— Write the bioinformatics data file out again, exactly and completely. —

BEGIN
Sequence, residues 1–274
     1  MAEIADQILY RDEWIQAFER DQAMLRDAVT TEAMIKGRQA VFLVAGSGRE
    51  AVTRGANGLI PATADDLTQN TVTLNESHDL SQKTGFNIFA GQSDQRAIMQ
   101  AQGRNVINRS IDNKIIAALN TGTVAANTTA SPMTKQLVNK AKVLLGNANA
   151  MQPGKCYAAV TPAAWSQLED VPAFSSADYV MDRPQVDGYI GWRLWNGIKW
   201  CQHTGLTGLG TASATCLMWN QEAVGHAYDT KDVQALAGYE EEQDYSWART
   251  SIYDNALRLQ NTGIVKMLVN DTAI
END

Sequence, residues 1–274
     1  MAEIADQILY RDEWIQAFER DQAMLRDAVT TEAMIKGRQA VFLVAGSGRE
    51  AVTRGANGLI PATADDLTQN TVTLNESHDL SQKTGFNIFA GQSDQRAIMQ
   101  AQGRNVINRS IDNKIIAALN TGTVAANTTA SPMTKQLVNK AKVLLGNANA
   151  MQPGKCYAAV TPAAWSQLED VPAFSSADYV MDRPQVDGYI GWRLWNGIKW
   201  CQHTGLTGLG TASATCLMWN QEAVGHAYDT KDVQALAGYE EEQDYSWART
   251  SIYDNALRLQ NTGIVKMLVN DTAI